Tonight we went to the Milwaukee Bucks home opener. Now it’s not something we normally do. As anyone who as ever attended an NBA game knows, they are not affordable. It is not family entertainment. At least not like Major League Baseball, which still has affordable seats.
The seats we sat in, the nosebleed seats, the seats where the players seemed like ants, still cost $29 a piece.
We were lucky. We got them at a discount at $15 a piece.
Why? So nice of you to ask. I’m not sure of the exact chronology of events, nor was I privy to any of the conversations that led to our being there.
What I do know is that whoever was scheduled to do something before the basketball game could not make it. Somehow, someone affiliated with my son’s school got their foot in the door and the Fifth Grade and Sixth Grade boy’s and girl’s basketball teams were featured in the Small Fry basketball game immediately before the regular game.
My 12-year-old son, Brett, is on the boy’s Sixth Grade team. We watched the kids run up and down a regulation NBA court and score hoops on the same court where some of the great names of basketball have played: Michael Jordon, Charles Barkley, Shaq, and so on. They got to score on the same court that the Bucks play on.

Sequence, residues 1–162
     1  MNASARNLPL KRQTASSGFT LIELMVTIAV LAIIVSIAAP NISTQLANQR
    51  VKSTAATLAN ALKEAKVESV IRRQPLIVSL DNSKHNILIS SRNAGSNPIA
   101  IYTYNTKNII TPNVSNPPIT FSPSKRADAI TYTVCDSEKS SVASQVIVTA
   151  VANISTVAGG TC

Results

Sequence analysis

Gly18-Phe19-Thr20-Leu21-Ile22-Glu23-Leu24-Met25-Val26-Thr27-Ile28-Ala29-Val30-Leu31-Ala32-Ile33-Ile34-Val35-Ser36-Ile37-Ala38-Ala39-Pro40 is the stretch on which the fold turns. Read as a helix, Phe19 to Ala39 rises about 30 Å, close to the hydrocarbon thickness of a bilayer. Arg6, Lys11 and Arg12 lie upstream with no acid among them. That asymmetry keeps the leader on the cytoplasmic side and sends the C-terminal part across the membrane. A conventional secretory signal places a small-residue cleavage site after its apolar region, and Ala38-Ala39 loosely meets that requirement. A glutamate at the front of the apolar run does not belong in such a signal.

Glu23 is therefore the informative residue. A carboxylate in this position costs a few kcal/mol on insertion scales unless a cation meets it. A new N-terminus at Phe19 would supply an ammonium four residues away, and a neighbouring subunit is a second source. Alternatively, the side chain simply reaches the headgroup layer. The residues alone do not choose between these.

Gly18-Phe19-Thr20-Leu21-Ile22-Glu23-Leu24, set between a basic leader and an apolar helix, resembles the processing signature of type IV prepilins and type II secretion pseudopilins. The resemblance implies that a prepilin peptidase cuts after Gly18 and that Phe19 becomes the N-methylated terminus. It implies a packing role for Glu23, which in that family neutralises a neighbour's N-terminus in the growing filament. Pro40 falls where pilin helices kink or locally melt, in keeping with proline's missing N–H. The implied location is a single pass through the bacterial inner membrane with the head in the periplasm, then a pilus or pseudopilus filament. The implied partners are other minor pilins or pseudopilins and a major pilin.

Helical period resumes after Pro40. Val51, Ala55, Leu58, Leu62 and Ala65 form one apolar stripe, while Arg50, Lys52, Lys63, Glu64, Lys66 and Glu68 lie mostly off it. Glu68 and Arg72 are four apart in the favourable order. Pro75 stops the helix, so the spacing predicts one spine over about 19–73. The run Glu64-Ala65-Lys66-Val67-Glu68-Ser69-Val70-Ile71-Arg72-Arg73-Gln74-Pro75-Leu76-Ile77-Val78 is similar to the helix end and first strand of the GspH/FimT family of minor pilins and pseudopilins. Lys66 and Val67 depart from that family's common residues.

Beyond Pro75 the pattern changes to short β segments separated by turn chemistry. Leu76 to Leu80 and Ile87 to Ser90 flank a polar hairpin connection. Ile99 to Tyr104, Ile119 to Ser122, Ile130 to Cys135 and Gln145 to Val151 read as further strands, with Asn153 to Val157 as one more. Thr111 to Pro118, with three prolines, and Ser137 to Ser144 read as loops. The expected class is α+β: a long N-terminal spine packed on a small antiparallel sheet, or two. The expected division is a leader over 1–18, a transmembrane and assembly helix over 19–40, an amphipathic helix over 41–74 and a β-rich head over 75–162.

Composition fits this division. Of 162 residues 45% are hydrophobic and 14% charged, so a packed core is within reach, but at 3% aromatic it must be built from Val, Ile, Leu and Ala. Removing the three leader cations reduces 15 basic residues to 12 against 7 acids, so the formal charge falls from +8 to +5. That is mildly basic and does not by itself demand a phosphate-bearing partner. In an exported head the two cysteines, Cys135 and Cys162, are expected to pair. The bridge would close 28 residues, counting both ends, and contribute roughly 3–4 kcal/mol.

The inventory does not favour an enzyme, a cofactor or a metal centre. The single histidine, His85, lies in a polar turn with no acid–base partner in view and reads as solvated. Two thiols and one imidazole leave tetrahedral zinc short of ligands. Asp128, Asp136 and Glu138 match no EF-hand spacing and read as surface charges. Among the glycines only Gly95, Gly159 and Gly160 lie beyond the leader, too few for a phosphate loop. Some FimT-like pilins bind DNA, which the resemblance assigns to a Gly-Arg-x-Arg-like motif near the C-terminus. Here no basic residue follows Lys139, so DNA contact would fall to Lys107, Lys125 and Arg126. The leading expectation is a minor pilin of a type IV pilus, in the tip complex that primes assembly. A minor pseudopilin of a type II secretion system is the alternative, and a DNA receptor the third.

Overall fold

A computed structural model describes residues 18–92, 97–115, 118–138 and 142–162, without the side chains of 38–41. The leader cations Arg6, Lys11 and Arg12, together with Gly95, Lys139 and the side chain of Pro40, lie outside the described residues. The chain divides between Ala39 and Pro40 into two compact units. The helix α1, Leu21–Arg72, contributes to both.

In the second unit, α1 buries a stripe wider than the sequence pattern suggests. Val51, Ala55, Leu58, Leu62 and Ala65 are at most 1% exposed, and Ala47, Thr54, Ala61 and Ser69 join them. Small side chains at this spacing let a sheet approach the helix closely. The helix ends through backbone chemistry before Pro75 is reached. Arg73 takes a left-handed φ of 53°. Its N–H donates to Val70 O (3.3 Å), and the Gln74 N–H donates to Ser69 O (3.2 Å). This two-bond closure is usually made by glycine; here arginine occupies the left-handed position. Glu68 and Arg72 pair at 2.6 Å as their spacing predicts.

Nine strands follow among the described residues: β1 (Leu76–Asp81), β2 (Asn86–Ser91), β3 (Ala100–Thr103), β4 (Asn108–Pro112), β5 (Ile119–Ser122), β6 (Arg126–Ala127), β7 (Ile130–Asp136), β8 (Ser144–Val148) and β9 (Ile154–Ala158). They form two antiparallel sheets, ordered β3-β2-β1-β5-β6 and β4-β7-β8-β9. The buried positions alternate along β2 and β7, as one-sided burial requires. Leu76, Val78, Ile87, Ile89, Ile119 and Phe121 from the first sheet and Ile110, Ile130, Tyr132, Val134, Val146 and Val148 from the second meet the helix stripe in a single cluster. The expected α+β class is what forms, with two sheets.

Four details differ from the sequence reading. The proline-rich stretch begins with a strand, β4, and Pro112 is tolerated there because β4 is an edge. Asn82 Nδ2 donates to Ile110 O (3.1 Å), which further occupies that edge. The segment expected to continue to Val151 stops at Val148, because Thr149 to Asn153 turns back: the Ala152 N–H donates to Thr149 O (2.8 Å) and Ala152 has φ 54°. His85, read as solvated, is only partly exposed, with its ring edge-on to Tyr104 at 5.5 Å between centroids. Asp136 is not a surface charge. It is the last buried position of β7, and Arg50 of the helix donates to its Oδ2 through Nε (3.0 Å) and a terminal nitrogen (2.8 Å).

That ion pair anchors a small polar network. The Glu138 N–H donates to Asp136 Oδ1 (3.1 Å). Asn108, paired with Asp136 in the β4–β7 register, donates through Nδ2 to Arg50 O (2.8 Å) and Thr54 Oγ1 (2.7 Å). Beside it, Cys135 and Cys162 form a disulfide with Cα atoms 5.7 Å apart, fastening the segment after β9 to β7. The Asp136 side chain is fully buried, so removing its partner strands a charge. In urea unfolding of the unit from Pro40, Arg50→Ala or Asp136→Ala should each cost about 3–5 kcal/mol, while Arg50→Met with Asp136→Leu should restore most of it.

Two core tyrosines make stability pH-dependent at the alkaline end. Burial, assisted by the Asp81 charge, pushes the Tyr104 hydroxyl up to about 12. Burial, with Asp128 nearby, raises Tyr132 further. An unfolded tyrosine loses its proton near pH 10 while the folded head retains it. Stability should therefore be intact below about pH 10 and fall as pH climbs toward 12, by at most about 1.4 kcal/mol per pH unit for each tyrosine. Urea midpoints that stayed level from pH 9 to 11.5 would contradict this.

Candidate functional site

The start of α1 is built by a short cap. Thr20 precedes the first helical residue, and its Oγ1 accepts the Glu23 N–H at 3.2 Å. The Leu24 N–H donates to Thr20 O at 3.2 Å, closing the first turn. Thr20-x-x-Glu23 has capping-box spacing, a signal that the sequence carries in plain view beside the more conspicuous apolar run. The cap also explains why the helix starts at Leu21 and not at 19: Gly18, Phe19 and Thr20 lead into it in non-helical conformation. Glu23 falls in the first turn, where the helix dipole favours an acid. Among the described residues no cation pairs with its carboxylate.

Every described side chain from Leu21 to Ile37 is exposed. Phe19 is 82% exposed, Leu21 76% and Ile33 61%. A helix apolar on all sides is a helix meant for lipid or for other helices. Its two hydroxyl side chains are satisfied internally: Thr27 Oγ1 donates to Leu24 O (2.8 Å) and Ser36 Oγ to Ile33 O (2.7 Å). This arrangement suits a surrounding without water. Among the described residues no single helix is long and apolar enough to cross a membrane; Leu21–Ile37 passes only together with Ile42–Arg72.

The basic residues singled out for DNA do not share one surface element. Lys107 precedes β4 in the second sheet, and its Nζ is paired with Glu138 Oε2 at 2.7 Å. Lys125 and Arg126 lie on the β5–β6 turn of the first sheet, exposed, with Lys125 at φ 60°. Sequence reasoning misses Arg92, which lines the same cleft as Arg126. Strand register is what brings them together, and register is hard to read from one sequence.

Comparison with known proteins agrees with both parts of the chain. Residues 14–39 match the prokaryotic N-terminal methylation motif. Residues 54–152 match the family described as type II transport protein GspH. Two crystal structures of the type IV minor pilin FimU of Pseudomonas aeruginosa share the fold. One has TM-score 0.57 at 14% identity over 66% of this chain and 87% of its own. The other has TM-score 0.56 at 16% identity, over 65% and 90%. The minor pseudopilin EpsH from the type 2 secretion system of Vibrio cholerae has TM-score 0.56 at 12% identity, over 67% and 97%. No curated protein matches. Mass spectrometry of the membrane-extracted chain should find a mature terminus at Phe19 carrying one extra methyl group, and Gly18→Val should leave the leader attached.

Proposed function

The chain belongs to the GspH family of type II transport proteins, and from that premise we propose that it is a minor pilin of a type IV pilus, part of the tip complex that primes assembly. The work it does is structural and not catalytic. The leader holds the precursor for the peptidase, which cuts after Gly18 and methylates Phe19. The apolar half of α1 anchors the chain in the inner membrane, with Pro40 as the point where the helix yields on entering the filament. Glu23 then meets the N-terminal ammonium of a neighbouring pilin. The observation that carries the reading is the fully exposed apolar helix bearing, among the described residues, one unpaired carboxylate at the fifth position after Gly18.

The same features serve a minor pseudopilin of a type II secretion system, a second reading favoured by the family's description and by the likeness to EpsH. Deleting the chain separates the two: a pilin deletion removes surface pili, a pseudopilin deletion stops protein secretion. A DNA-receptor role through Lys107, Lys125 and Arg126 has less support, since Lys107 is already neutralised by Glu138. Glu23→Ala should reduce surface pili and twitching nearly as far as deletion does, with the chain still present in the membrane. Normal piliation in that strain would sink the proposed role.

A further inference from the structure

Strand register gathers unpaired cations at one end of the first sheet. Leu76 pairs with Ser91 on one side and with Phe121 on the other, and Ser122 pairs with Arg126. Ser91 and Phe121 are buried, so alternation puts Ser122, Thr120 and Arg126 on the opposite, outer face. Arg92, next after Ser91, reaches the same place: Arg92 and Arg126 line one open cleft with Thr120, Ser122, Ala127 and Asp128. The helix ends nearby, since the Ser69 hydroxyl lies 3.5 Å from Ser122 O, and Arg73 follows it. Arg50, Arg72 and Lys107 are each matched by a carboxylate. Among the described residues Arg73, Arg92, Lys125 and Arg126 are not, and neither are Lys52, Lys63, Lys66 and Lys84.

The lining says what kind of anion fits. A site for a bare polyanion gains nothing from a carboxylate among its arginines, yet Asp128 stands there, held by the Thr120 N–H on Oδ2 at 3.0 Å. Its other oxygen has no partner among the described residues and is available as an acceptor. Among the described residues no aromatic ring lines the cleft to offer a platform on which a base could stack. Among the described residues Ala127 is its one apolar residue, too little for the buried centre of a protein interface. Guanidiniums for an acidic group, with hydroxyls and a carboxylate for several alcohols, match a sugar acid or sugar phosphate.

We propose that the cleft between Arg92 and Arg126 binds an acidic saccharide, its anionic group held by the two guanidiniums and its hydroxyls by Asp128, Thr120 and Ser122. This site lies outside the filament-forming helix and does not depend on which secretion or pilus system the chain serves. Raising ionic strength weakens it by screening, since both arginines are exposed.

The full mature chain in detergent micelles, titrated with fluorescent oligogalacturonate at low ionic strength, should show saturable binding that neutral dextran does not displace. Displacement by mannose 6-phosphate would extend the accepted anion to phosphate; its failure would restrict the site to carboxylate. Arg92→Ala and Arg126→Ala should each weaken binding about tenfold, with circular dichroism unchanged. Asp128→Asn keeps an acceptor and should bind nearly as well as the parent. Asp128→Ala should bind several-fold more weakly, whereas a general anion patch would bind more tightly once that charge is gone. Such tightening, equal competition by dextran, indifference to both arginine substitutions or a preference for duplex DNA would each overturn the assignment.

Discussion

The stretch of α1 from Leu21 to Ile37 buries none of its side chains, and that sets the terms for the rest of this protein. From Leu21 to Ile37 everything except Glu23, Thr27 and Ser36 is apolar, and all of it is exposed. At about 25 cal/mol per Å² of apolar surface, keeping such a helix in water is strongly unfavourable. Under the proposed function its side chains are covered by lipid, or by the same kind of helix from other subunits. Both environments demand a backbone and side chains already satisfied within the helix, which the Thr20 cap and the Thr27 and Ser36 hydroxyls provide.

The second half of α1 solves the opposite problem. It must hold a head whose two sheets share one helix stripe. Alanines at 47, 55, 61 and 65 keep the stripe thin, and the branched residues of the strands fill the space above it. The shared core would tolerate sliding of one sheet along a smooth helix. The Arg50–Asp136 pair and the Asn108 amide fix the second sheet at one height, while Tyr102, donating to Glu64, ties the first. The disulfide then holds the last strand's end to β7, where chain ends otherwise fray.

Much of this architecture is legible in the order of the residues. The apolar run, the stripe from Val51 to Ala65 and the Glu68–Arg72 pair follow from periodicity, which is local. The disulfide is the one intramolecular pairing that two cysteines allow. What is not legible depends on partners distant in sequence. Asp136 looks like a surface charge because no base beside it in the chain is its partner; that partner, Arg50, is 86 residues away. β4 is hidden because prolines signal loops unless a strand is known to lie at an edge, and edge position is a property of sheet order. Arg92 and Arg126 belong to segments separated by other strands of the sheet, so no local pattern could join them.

And we, as the parents, got to sit close enough that while the NBA team practiced, I was this close to Yi Jianlian, their new acquisition.
It’s the Bucks 40th anniversary. I had given up on basketball for a number of years. As a kid and teen, I experienced our city getting an NBA franchise, and then, in what might still be a sporting record, watched that team become Champions in the shortest timeframe.
As a child I watched the greats play. Lew Alcinder, who later changed his name to Kareem Abdul Jabar. The Big O, Oscar Robertson, Jon McGlocklin, and Bobby Dandridge. These were my childhood heroes. I so wanted to be like them I spent every day shooting baskets at the local school yard until I realized I wasn’t anywhere near tall enough.
I hope one day my own son gets to experience a championship with the current team. But even if he doesn’t, I’m positive the memory of playing on this court before a large hometown crowd cheering their every basket, will be a happy, exciting memory he keeps for a long time.